These results demonstrate a good mid-term outcome for this component. In the 29 patients revised for instability, only two had a further dislocation, both of which were managed by closed reduction.

The Journal of Bone & Joint Surgery British Volume
Vol. 94-B, Issue 1 | Pages 23 - 27
1 Jan 2012
Uzoigwe CE Middleton RG

Radiological imaging is necessary in a wide variety of trauma and elective orthopaedic operations. The evolving orthopaedic workforce includes an increasing number of pregnant workers. Current legislation in the United Kingdom, Europe and United States allows them to choose their degree of participation, if any, with fluoroscopic procedures. For those who wish to engage in radiation-prone procedures, specific regulations apply to limit the radiation dose to the pregnant worker and unborn child.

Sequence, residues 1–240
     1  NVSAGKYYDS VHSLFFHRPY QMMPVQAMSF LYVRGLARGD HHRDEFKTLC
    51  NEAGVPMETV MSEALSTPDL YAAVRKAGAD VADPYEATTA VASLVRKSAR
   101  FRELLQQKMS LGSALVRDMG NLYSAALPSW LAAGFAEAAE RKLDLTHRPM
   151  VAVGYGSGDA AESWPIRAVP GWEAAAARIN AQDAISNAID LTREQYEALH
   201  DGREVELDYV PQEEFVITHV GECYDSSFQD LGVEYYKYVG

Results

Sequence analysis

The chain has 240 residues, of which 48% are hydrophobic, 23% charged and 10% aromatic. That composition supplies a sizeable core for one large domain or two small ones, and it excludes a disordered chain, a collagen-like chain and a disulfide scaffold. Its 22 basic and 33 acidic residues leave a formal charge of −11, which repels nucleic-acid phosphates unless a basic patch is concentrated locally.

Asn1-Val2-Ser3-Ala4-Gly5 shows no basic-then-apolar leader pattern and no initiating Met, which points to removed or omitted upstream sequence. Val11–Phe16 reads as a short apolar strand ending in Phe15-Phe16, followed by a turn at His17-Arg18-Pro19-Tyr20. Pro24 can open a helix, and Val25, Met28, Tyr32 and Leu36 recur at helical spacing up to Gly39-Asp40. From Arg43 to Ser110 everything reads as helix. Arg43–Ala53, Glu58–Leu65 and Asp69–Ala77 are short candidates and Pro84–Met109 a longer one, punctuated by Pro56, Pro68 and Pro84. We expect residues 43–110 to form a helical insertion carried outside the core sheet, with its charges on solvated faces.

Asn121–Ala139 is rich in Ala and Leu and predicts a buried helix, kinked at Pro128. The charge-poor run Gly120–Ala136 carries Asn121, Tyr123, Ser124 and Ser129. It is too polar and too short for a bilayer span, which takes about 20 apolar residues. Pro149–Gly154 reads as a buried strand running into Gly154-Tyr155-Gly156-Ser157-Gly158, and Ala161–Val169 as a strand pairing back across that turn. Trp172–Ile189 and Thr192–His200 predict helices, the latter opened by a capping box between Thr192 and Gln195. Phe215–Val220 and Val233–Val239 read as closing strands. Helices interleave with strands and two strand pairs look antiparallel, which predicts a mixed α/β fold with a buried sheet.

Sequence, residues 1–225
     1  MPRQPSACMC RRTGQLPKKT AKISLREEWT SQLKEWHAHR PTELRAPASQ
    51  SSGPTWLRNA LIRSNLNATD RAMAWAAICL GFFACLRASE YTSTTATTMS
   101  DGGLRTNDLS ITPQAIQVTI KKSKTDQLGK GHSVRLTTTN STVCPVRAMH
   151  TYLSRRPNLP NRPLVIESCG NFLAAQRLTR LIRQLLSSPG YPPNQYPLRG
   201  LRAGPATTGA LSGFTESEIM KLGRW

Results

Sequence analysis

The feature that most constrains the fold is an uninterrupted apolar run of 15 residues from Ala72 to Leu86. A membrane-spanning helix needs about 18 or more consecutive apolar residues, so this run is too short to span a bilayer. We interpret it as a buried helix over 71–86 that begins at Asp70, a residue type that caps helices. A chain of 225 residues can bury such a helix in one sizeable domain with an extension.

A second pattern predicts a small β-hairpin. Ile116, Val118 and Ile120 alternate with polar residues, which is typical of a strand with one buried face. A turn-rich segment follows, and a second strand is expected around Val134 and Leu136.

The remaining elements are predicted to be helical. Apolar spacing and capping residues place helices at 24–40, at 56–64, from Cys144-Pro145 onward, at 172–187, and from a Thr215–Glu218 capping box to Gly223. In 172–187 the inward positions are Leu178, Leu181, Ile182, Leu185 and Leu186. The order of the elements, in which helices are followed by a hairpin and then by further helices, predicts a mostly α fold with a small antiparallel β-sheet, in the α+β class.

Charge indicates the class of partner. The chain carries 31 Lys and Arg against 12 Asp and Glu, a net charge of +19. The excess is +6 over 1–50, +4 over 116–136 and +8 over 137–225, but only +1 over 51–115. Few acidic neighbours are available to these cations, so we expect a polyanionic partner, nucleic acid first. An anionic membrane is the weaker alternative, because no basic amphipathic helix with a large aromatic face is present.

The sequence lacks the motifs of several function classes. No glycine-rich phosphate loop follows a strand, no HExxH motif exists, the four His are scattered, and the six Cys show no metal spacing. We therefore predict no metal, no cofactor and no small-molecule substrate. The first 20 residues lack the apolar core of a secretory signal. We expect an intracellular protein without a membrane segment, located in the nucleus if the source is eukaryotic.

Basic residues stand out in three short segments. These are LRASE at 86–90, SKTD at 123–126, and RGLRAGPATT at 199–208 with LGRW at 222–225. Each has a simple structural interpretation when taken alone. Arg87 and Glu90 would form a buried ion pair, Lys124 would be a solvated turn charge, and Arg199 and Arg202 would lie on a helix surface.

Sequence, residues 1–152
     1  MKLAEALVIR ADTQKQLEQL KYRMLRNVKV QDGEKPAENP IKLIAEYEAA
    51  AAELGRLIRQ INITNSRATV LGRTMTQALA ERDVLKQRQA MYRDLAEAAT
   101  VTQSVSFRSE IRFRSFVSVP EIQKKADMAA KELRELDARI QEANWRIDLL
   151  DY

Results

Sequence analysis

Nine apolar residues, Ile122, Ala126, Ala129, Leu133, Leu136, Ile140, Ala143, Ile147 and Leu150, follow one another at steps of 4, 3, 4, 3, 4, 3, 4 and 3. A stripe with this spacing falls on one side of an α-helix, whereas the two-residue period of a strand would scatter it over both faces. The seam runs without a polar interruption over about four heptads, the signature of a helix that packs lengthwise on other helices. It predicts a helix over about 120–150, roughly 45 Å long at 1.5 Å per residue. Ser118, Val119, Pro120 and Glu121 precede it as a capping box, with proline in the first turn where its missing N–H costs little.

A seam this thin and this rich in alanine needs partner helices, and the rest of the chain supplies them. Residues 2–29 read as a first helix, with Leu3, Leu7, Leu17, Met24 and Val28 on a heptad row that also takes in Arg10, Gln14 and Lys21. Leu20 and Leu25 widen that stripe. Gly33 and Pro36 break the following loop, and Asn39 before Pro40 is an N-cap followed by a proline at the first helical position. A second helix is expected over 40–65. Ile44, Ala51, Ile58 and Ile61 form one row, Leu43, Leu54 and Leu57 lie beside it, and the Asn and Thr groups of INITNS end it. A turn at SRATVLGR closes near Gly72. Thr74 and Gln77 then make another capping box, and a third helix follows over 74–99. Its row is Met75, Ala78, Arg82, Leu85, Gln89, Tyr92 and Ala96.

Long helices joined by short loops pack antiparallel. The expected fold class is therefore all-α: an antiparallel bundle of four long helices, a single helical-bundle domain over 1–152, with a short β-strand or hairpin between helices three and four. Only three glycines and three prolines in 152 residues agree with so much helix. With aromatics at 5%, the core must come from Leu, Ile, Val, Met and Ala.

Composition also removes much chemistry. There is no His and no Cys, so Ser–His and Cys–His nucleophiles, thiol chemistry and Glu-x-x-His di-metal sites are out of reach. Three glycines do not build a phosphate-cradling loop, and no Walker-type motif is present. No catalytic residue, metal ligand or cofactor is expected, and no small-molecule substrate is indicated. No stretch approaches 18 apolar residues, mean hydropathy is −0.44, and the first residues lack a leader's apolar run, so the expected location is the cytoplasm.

This paper considers those aspects of radiation protection, the potential effects of exposure to radiation in pregnancy and the dose of radiation from common orthopaedic procedures, which are important for safe clinical practice.

The Journal of Bone & Joint Surgery British Volume
Vol. 80-B, Issue 4 | Pages 573 - 576
1 Jul 1998
Howie DW Middleton RG Costi K

We have compared prospectively the incidence of loosening of 20 femoral stems with a matt surface with that of 20 polished stems of an otherwise identical tapered, non-modular design of Exeter hip replacement. The stems were inserted using the same technique at operation and radiographs showed no difference in the adequacy of the cement mantle or of fixation. All the patients were reviewed regularly and none was lost to follow-up.

After a minimum follow-up of nine years, four matt but no polished stems had been revised for aseptic loosening. Polished stems subsided slightly within the cement mantle early, but did not loosen.